The impact of human rights budgeting

Closed 9 Sep 2022

Opened 4 Jul 2022

Published responses

View submitted responses where consent has been given to publish the response.


The Scottish Government is expected to publish its Budget 2023-24 in December 2022. In advance of this, our Committee is undertaking pre-budget scrutiny to influence the Scottish Government’s thinking when preparing this budget.

The Committee is interested in how the Scottish Government will make sure equality considerations are enshrined in the budget process and are used to inform tax and spending decisions.

Your response to this call for views will inform the pre-budget scrutiny of the Committee and future oral evidence sessions.


The Scottish Government published a number of fiscal documents in May 2022, which are relevant to the committee’s pre-budget scrutiny namely:

  • Resource Spending Review which set out indicative spending plans for the Scottish Government through to 2026-27
  • Medium-Term Financial Strategy which set out the medium-term economic and fiscal outlook and risks to the Budget
  • Equality and Fairer Scotland Statement which set out a number of opportunities and challenges in the equalities area in the coming years.

In its budget scrutiny work this year, the Committee will also consider the work currently being undertaken by the SPICe Research Fellow, Rob Watts, looking at human rights budgeting and its application in the year-round budget process.

Key questions

Now we want to hear from you about how human rights budgeting can have an impact across Scotland.

Budget process

  • What data and information is needed to assess whether budget decisions are helping to progressively realise human rights?
  • What needs to change to increase meaningful participation in the budget process, particularly for marginalised groups?
  • What can be done to make budget information more transparent and accessible?

Budget content

  • Do the Resource Spending Review or previous Scottish fiscal documents demonstrate a commitment by the Scottish Government to realising rights over time?
  • For example, is it possible to look at Budget documents and decipher if expenditure on realising rights is increasing or decreasing?
  • Is government funding directed to the right areas to enable the public sector to meet its human rights obligations?
  • Does the Scottish Government raise sufficient revenue to realise human rights? If not, how could the government raise more revenue to ensure rights realisation?
  • Is revenue raised in an equitable way?
  • What is the distributional impact of budget decisions? Do budget decisions have a discriminatory impact on different groups of the population? Do budget decisions help reduce structural inequalities?

The Equality and Fairer Scotland Statement

The Equality and Fairer Scotland statement sets out the following opportunities and challenges for the spending review period:

1. Support an economic recovery which continues to progress action to tackle structural inequality in the labour market, including through good green jobs and fair work.

2. Ensure that the devolved taxation system is delivered in a way which is based on ability to pay and that the devolved social security funding increases the resources available to those who need it.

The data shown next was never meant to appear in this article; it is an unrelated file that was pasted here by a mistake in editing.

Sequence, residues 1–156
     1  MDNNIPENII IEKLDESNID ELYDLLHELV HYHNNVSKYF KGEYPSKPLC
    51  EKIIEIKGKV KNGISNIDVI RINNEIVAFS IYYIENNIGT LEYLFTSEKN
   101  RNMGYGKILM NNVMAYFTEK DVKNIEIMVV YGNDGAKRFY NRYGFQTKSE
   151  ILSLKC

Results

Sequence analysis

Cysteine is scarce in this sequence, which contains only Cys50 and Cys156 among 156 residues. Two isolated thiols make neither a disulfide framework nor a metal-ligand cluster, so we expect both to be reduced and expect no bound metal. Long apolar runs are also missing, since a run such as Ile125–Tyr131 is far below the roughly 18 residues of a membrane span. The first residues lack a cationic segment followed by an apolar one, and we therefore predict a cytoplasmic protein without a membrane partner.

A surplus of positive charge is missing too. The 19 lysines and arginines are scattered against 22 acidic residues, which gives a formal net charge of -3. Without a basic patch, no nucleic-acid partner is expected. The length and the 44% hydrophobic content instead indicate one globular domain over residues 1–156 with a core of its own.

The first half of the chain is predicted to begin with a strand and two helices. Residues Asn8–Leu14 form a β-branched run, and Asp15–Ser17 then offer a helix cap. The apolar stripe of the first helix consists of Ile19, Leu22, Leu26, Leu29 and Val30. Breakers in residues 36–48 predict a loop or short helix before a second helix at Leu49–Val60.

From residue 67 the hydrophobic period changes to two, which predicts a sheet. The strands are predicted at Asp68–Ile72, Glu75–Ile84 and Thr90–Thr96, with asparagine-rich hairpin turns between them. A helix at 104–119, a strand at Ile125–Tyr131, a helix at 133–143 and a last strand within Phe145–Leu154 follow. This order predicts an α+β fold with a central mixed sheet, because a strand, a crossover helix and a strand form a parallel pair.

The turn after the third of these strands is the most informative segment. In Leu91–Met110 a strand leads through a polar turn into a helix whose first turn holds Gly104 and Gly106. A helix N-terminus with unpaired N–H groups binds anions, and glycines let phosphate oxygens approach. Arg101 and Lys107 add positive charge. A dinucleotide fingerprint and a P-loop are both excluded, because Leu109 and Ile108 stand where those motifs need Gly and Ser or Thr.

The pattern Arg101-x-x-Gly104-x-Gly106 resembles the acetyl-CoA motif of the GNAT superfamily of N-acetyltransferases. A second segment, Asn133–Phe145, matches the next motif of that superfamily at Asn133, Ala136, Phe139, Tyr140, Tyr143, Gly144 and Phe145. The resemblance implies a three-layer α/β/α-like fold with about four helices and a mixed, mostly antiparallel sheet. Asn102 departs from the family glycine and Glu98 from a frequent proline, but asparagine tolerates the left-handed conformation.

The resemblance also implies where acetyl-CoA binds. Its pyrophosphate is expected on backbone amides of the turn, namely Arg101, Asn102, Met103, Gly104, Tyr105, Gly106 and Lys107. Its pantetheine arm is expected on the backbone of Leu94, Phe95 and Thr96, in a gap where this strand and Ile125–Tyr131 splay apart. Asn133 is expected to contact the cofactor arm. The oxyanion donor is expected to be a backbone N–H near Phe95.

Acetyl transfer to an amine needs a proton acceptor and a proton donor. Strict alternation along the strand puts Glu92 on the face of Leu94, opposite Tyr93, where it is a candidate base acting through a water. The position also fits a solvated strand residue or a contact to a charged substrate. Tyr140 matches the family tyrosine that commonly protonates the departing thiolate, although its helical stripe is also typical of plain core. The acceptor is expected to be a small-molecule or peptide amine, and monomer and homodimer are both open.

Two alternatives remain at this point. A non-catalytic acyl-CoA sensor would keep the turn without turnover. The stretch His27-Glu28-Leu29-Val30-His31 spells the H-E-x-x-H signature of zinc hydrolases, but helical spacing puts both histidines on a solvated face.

3. Ensure that inequalities in physical and mental health are tackled through the effective delivery of health and social care services as well as broader public health interventions.

4. Build digital services that are responsive to individuals and address inequality of access to digital participation.

5. Deliver greater progress towards meeting statutory child poverty targets.

6. Deliver greater progress towards closing the attainment gap.

7. Improve the availability and affordability of public transport services, to ensure those more reliant on public transport can better access it.

8. Ensure that policies, action and spend necessary to mitigate and adapt to the global impacts of climate change deliver a just transition for people in Scotland.

9. Better realise the right to an adequate home that is affordable, accessible, of good quality, and meets individual need whilst ensuring that progress on tackling current inequality of housing outcome is addressed.

The Committee would welcome views on whether these opportunities and challenges are correctly focused, whether they are tangible and whether they are measurable?


  • Does the current approach to Equality Impact Assessments and Fairer Scotland Duty Assessments produce a fair budget/meaningfully impact budget decisions? If not, how can this be improved?
  • How can human rights be fully incorporated into the impact assessment process?
  • Do the 9 key opportunities and challenges identified in the Equalities and Fairer Scotland Statement correctly identify the key opportunities and challenges around building a fairer Scotland?
  • Can progress against these priority areas be tangibly measured?

Building on previous committee work

During last year’s Committee scrutiny of the Budget, there were questions for the Cabinet Secretary around there being a lack of funding certainty for the voluntary sector, with complaints that this sector was constantly facing uncertainty around single year budget settlements.

Following the publication of the Resource Spending Review this uncertainty remains. As such, the Committee would be interested in views on the following:

  • Has the Resource Spending Review given the voluntary sector the funding certainty it was hoping for?
  • Are funding arrangements for the voluntary sector fit for purpose? Please answer any of the questions that are of interest to you. You don’t need to answer all the questions.

How to submit your views

Please submit your views using the online submission form, linked to below.

We welcome written views in English, Gaelic, Scots or any other language. 

The call for views closes on 9 September 2022.